Faded photographs are all I have to remember the man I once called Papa. After a long successful career as an overseas dredging captain, Papa, retired on a little island in the Pacific and shortly after, suffered a major heart attack.
The photographs, honestly, are a mixture of sweet and not so sweet memories of a man who lived a bit reckless but always with a generous heart that sometimes did not know the meaning of the word, limitations.
As a child and even today, I hold a hazy image to exactly what my father’s work involved. All I have are some faded photographs of odd-looking boat-like structures, big steel looking equipment and the memory of a few of his men, coming over to our house to “have-a-few (drinks),” as part of the drinking tradition among the dredging construction workers.
Papa was generous with his hard-earned money. Not only would he not hesitate to buy you the moon, had you asked, he would often host many of these, after work, have-few-drinks-on-the-house, as a regular social activity.
Naturally, his wife, our mother, would not be so happy with this type of generosity, although all his drinking buddies simply adored him. Now, you are probably wondering, why would I cherish faded photographs that remind me of my papa’s lack of sense when it came to his social entertainment.
I wonder myself, I mean what is so charming about a father having one too many drinks, then having loud profane laced arguments with his wife? She made the fatal mistake of pointing out that if his spending behavior did not improve, his family would soon end up on the streets. Okay, first, never argue with a drunk person because it never will make you a winner. Second, this back and forth confrontations went on for years but surprisingly, our family never ended up in the streets.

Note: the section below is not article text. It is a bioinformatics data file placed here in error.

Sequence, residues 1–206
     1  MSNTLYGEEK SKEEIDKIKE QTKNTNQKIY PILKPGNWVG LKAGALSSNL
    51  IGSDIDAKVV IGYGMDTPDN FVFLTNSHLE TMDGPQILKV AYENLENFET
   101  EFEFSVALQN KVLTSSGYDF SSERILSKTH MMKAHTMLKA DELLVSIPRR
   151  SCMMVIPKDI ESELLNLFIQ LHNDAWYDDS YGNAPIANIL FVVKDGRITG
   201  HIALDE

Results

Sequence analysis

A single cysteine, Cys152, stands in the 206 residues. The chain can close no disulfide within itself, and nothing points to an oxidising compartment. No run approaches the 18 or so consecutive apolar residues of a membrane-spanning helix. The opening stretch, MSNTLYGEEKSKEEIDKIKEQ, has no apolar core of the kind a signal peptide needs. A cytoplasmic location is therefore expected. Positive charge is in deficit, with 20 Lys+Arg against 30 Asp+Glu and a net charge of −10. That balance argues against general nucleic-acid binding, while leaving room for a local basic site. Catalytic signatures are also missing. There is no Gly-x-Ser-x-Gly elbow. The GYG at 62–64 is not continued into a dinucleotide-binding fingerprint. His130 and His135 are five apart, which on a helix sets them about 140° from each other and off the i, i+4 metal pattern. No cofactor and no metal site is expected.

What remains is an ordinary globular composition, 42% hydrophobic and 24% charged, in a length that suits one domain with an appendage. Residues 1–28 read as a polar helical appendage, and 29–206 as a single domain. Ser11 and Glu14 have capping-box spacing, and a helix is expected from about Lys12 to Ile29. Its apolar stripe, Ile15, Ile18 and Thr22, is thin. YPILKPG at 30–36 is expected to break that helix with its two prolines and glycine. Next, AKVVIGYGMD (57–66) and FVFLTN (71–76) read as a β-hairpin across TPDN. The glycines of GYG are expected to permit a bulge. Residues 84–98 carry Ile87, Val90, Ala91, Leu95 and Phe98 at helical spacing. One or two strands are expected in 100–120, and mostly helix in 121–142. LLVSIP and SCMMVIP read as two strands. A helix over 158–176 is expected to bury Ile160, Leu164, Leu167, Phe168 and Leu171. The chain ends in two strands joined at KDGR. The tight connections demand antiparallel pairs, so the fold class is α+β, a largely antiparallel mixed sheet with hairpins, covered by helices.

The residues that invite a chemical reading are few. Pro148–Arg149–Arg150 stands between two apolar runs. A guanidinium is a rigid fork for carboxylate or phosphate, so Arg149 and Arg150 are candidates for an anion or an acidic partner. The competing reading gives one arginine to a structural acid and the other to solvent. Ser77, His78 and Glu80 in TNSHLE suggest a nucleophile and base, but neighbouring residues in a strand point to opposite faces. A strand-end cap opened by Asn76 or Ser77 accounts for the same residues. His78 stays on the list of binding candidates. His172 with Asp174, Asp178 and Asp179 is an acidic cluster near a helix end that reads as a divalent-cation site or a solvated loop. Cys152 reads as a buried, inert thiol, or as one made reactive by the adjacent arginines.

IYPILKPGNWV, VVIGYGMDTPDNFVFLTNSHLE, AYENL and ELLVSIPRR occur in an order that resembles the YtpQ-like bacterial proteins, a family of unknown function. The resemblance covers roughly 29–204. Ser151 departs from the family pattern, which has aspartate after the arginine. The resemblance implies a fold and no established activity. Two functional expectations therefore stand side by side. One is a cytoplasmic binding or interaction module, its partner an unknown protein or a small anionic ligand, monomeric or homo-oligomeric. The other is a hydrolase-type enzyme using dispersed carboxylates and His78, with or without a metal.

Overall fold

Papa always ended every argument with, “Don’t worry about anything; I was born with Lady Luck on my side.”
Well, this was good to know.
In fact, despite my father’s reckless spending, he always provided everything and more for his family. My mother never had to work outside the home; we always had a nice place to live and food in abundant supply.
In conclusion, my favorite memory of my papa is, I believe he belonged to a dying breed of men that worked hard to provide for their family and generously gave to life what they expected to receive from others, in spite of their personal failings.
Of course, I always will remember Papa as a winner; he had Lady Luck to guide him and left me faded photographs for me to remember him by.
Thanks, Papa! xoxo
Have you found cherished and favorite moments in your collection of faded photographs?
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